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Financial Deepening and Economic Growth Linkages: A Panel Data AnalysisThe paper examines whether a long-run relationship between financial development and economic growth exists employing panel integration and cointegration techniques for a dynamic heterogeneous panel of 15 OECD and 50 non-OECD countries over the period 1975–2000. Three different measures of financial deepening are used to capture the variety of different channels through which financial development can affect growth. Our findings support the existence of a single long-run equilibrium relation between financial deepening, economic growth and a set of control variables. Further, the evidence points to a bi-directional causality between financial deepening and growth.
FINANCIAL STRUCTURE AND INDUSTRIAL STRUCTUREThis paper explores the relationship between financial structure and industrial structure in a panel cointegration framework, using annual data for 29 countries and 28 industrial sectors for the period 1990–2001. The results indicate that financial structure is to a significant extent related to industrial structure in the long run, yet their relationship is partly consistent with the industrial sectors' technological orientation postulated by the theoretical literature. It is in line, however, with the so‐called ‘financial services view’ that stresses the importance of a well developed financial system for growth, irrespective of its structure. In addition, the results indicate that financial structure does not seem to play a role in a sector’s performance relative to GDP.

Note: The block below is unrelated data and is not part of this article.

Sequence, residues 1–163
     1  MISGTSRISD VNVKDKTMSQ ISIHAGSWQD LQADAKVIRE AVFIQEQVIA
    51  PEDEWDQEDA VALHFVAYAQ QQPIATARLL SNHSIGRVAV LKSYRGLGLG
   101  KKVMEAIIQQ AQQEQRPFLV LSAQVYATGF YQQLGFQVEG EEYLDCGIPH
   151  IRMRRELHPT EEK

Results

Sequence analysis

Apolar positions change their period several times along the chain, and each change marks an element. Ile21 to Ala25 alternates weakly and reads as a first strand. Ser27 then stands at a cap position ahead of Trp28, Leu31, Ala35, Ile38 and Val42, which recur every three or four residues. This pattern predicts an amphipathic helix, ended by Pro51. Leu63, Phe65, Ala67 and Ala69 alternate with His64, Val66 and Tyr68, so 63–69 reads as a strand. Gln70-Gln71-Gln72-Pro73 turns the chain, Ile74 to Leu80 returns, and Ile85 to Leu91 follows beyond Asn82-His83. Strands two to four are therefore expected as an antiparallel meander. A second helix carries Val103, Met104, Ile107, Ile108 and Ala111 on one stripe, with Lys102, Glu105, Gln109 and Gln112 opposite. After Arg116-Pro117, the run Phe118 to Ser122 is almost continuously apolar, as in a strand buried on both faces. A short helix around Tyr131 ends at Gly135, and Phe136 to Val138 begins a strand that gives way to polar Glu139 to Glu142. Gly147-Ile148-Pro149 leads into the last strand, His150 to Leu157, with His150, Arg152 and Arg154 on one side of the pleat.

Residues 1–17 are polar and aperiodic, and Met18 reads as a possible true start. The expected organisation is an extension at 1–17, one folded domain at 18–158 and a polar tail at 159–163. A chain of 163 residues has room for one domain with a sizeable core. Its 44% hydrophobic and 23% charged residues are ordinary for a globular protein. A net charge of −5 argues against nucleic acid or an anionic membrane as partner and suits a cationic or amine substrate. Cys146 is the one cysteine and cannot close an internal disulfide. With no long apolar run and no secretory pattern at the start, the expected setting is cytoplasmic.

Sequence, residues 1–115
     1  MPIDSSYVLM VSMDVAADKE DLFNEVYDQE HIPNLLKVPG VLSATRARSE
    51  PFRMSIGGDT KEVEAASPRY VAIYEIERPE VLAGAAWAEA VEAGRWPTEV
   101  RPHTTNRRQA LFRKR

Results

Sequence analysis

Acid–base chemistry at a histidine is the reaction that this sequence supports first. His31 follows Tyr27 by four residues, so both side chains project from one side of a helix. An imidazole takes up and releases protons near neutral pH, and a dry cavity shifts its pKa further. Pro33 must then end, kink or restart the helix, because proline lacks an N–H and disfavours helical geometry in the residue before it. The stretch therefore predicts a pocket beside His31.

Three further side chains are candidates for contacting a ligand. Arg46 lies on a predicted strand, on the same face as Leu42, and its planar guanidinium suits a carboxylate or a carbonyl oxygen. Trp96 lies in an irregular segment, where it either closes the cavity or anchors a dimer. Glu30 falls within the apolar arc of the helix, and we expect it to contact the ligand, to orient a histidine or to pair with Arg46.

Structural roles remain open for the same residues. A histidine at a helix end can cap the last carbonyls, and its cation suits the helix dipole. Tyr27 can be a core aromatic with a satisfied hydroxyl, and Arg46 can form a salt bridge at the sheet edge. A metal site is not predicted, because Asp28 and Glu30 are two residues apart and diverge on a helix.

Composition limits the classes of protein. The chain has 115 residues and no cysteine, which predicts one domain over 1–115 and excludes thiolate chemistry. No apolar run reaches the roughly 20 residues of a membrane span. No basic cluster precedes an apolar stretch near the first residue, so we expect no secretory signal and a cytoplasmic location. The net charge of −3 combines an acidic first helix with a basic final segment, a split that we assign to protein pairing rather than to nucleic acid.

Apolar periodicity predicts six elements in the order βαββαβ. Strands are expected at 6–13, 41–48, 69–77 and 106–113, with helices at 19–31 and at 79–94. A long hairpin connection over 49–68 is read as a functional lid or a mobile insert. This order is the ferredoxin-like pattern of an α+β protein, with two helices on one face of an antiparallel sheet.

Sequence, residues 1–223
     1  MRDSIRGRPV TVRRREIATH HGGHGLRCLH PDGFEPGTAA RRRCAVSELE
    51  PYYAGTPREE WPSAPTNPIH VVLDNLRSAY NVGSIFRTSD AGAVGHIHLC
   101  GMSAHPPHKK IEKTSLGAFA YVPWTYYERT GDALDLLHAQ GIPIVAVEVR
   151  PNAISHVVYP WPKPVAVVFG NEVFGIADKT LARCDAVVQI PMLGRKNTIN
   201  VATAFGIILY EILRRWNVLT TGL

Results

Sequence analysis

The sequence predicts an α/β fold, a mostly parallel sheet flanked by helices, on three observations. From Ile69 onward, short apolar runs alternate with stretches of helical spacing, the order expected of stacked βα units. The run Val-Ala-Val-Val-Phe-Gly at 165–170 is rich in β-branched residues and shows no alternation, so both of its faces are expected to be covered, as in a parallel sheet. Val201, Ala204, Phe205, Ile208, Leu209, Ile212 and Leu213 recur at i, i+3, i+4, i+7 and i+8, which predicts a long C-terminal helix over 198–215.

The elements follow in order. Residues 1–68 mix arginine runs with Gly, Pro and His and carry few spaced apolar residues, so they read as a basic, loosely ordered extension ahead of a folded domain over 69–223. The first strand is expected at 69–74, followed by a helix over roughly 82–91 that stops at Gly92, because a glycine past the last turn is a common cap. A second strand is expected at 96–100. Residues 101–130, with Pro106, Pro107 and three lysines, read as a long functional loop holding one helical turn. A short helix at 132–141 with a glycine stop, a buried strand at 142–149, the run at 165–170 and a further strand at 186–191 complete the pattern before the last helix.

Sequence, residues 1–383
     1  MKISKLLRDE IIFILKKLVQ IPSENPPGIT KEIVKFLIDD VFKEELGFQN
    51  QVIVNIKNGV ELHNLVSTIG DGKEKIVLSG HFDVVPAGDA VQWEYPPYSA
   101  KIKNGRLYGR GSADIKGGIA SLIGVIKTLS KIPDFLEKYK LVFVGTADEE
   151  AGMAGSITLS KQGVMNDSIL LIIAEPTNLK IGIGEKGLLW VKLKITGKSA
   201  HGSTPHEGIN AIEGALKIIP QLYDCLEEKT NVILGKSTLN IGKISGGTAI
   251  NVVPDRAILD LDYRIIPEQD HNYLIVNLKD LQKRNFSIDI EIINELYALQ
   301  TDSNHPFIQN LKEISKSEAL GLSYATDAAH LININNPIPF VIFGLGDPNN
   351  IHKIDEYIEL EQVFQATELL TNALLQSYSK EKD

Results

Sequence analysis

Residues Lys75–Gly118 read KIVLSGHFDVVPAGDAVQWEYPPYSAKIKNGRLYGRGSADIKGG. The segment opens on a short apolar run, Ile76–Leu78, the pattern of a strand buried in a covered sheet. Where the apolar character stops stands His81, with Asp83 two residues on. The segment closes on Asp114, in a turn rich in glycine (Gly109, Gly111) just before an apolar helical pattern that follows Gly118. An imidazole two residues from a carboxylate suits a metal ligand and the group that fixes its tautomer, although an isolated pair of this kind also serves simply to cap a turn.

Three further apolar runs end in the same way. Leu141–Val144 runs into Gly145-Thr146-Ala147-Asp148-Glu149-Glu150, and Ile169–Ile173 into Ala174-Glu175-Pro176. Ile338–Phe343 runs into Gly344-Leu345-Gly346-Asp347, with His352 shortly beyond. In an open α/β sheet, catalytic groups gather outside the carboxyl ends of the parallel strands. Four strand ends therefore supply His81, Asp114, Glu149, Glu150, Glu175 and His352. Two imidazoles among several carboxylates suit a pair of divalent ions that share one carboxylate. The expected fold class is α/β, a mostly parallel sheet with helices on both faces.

Innovation, Technology Transfer and Labor Productivity Linkages: Evidence from a Panel of Manufacturing IndustriesThe paper explores the linkages between labour productivity, innovation and technology spillovers in a panel of manufacturing industries. The roles of R&D, human capital and international trade are considered in stimulating innovation and/or facilitating technology transfer. Using panel-based unit root tests and cointegration analysis, the results indicate the existence of a single long-run equilibrium relation between labour productivity, innovation and technology transfer. Further, R&D, trade and human capital have statistically and, especially the latter, quantitatively important effects on labour productivity both directly via innovation and indirectly as they enhance technology diffusion.